FOR IMMEDIATE RELEASE
November 5, 2018
Contact: Eric Naing 202-408-1711, cell: 217-493-8294, firstname.lastname@example.org
Statement of Cathy Chase,
President of Advocates for Highway and Auto Safety,
On Recent School Bus and Bus Stop Crashes
Wave of Deadly Crashes Underscores Urgent Need for Improved School Bus Safety Protections
The recent crashes in Florida, Indiana, Maryland, Mississippi, North Carolina and Pennsylvania that killed at least five children and injured at least 23 people highlight the dangers our children face as they travel to and from school each day. According to the National Highway Traffic Safety Administration (NHTSA), school transportation-related crashes killed nearly 1,300 people from 2007-2016. These preventable fatalities and injuries should serve as an urgent call for our elected officials to improve the safety of our most precious commuters. Proven countermeasures to make school buses safer comprise the School Bus Safety Act (S. 3432/H.R. 6773) including requiring school buses to have seat belts in every seat and effective safety technologies like automatic emergency braking and electronic stability control systems. The National Transportation Safety Board (NTSB) has endorsed these overdue improvements. The bill would also require school buses to have an event data recorder (EDR) to capture critical crash information that can be used to better understand crashes and help avoid similar ones in the future, among other safety advances.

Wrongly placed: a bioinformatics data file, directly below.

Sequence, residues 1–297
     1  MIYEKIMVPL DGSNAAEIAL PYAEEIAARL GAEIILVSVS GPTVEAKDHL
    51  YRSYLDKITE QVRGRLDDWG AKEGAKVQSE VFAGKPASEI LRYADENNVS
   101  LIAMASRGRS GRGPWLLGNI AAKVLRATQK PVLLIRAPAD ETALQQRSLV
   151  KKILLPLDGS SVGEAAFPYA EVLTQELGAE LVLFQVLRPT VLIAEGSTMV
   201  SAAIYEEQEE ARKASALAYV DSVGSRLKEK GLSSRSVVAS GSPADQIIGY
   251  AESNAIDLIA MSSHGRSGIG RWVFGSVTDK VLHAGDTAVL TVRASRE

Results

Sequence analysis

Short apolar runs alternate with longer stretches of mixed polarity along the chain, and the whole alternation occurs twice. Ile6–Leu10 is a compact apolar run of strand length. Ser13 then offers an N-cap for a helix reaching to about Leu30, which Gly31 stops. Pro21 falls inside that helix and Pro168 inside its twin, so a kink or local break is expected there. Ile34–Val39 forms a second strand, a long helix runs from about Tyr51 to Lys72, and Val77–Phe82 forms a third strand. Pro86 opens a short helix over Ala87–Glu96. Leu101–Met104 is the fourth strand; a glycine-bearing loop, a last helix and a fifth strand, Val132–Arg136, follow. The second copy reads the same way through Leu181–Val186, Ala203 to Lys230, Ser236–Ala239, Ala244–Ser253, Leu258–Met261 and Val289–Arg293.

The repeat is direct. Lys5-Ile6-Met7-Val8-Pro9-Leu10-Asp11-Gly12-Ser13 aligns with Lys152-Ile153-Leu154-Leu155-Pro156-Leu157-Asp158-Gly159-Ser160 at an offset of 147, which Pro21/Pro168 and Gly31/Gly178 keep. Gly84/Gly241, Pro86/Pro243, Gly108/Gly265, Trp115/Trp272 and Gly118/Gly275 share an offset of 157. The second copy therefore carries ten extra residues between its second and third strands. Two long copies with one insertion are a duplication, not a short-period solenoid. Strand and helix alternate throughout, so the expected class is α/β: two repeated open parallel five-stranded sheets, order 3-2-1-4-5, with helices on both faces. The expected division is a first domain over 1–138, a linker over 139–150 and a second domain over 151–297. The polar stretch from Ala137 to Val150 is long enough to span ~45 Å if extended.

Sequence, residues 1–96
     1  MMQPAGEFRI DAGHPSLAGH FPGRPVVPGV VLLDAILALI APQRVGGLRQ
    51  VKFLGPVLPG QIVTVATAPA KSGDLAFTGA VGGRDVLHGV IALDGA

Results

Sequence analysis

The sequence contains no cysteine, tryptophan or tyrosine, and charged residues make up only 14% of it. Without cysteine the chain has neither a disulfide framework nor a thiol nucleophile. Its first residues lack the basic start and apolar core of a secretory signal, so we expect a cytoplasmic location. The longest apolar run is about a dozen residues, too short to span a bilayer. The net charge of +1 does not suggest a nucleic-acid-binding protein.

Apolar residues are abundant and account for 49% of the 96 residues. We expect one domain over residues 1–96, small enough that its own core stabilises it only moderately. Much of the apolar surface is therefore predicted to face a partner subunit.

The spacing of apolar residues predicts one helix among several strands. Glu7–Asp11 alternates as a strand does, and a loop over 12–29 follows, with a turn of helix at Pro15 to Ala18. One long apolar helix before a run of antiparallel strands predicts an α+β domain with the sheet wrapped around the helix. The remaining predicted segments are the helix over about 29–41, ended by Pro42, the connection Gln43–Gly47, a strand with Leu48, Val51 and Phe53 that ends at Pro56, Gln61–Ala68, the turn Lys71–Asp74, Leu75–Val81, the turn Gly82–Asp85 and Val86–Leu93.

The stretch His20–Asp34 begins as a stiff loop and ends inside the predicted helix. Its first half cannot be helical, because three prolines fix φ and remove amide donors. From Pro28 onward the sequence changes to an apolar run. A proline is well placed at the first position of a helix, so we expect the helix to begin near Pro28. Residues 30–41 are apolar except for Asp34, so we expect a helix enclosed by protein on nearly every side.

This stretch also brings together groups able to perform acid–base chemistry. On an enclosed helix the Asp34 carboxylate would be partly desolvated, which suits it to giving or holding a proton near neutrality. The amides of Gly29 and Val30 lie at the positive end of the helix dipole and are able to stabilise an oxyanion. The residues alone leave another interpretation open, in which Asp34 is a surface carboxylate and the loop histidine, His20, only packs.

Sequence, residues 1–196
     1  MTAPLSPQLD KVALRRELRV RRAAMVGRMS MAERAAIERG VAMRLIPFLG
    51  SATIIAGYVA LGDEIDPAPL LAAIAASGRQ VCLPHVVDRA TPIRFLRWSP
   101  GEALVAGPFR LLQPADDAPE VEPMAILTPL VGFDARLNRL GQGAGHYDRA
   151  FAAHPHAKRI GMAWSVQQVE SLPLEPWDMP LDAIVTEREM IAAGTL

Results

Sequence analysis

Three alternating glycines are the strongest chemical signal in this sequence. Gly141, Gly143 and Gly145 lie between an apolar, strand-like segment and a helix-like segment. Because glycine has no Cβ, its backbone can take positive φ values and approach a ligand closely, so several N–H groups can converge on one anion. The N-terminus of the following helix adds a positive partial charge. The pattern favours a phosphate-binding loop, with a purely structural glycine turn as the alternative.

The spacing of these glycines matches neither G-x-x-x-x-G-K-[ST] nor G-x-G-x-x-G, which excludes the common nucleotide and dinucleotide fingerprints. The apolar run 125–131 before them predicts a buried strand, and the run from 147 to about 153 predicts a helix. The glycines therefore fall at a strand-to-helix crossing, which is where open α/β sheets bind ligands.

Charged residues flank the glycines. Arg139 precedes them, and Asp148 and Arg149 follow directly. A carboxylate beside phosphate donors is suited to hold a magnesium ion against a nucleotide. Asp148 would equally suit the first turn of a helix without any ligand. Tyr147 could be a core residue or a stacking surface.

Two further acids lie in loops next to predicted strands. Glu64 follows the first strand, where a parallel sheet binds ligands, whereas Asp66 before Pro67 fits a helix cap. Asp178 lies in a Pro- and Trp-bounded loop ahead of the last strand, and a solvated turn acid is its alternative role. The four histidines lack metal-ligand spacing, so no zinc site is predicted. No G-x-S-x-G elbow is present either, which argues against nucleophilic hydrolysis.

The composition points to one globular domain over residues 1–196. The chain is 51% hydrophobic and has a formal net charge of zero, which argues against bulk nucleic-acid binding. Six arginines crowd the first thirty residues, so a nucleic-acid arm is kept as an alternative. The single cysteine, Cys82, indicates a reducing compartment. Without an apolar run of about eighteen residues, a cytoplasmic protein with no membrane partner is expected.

We laud the leadership of Senator Tammy Duckworth (D-IL) and Representative Steve Cohen (D-TN) for introducing this lifesaving, commonsense bill and urge Congress to take action on it immediately. Further, we call on the U.S. Department of Transportation (U.S. DOT) to adopt the comprehensive policy recommendations outlined in a recent NTSB pedestrian safety report to help protect children waiting for, boarding and exiting a school bus.
With a large voter turnout expected tomorrow, we urge all motorists to obey speed limits, turn off distracting devices, make sure everyone in the vehicle is buckled up, never drive impaired, and pay careful attention to pedestrians, bicyclists, law enforcement, first responders and people with disabilities. With over 100 people being killed on our roadways each day, we can and must do better.